This is not to say that they were ever and always guided by idealism, because pragmatism guided more than a few of their choices. In the middle of the uncertain Revolutionary War, pragmatism, not idealism, made it easy to push contentious questions aside for the sake of unity among the colonies. The resulting Articles of Confederation, a no nonsense political document, succeeded in keeping the thirteen colonies together for the duration of the war. It also proved to be such an abject failure that most Americans aren’t even aware of its existence.

“Quis custodiet ipsos custodes?”
(Who will guard us from the guardians?)

While pragmatism successfully sidestepped obstacles to the Articles of Confederation, it soon became clear that the very compromises that made the Confederacy possible in the first place also doomed it to fail. Forced to drag each unanswered controversy into the open, from federal taxation to slavery, the Founding Fathers hammered out an improved, albeit still imperfect, Constitution of the United States of America. The remaining imperfections in the Constitution, born of yet more concessions to political pragmatism, only delayed the inevitable.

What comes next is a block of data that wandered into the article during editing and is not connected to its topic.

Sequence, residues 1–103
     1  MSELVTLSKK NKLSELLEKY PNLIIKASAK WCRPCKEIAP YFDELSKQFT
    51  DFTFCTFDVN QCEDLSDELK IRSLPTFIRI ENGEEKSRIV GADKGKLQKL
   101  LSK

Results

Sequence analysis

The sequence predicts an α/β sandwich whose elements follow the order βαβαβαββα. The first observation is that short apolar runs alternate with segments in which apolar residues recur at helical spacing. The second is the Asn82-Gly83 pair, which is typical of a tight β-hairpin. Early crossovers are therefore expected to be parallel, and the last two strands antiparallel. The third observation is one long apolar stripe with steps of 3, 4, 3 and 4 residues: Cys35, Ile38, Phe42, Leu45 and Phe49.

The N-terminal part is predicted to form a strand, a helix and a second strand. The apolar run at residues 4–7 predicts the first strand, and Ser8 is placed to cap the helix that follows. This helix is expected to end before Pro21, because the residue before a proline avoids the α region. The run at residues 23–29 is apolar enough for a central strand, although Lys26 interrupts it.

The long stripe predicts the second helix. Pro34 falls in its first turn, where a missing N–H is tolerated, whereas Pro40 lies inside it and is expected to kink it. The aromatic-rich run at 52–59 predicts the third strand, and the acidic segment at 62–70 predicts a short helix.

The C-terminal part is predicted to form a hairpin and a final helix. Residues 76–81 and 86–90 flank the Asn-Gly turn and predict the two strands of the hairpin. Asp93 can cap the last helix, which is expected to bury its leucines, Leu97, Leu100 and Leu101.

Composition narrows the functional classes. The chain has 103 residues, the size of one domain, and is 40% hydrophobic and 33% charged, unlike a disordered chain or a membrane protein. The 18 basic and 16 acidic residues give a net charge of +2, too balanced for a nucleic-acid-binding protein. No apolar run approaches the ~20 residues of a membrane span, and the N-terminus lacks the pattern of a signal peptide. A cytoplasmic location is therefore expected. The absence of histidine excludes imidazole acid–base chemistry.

It was idealism, not pragmatism, on the issue of slavery and equality that birthed the Republican Party. The conflagration between what was ideal and what was pragmatic claimed the lives of over six hundred thousand Americans in the American Civil War. In the aftermath, pragmatism once again guided the reunification of the Republic, but it was idealism that again rose to fight the many terrible injustices suffered by black Americans for more than a century afterwards.

It has been pragmatism, not idealism, that has led the party of Lincoln away from its stances on moral equality and into expedient alliances of corporatists and nationalists. It was this poisonous pragmatism that has propelled a morally bankrupt, habitually dishonest, adolescent billionaire to the candidacy of the party of “Honest Abe“. It must be idealism, not pragmatism, that will tear down the Republican Party in order to save it from this disgrace.

To save our republic, we must keep our fiery idealism away from the watery pragmatism that has ever been the douser of Liberty. If the ideals of Justice and Liberty for all are certain and true, then we are morally obligated to fight tirelessly toward what ought to be and never simply accept what is. It is through idealism, and only idealism, that we can successfully reignite the fires of Liberty against all odds.

On these things, there can be no compromise.


Liberty is For The Win!

Leave a Reply

Fill in your details below or click an icon to log in: Logo

You are commenting using your account. Log Out /  Change )

Facebook photo

You are commenting using your Facebook account. Log Out /  Change )

Connecting to %s